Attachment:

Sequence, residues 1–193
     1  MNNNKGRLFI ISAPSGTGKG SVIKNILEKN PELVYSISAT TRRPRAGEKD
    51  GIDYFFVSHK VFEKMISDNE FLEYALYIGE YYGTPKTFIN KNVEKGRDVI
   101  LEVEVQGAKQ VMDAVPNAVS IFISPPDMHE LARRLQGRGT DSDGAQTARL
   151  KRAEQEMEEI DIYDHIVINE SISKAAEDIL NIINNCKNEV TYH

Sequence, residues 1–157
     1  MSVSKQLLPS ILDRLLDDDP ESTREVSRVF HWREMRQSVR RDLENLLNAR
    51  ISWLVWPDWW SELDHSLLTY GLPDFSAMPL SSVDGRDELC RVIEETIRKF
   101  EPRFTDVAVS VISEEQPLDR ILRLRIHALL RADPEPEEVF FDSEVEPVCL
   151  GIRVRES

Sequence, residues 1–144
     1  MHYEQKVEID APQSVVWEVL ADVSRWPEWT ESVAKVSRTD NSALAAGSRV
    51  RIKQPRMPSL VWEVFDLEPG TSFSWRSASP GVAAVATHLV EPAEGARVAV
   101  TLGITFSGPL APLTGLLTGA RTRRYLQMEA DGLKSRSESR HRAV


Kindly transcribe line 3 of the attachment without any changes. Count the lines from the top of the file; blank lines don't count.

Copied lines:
    51  GIDYFFVSHK VFEKMISDNE FLEYALYIGE YYGTPKTFIN KNVEKGRDVI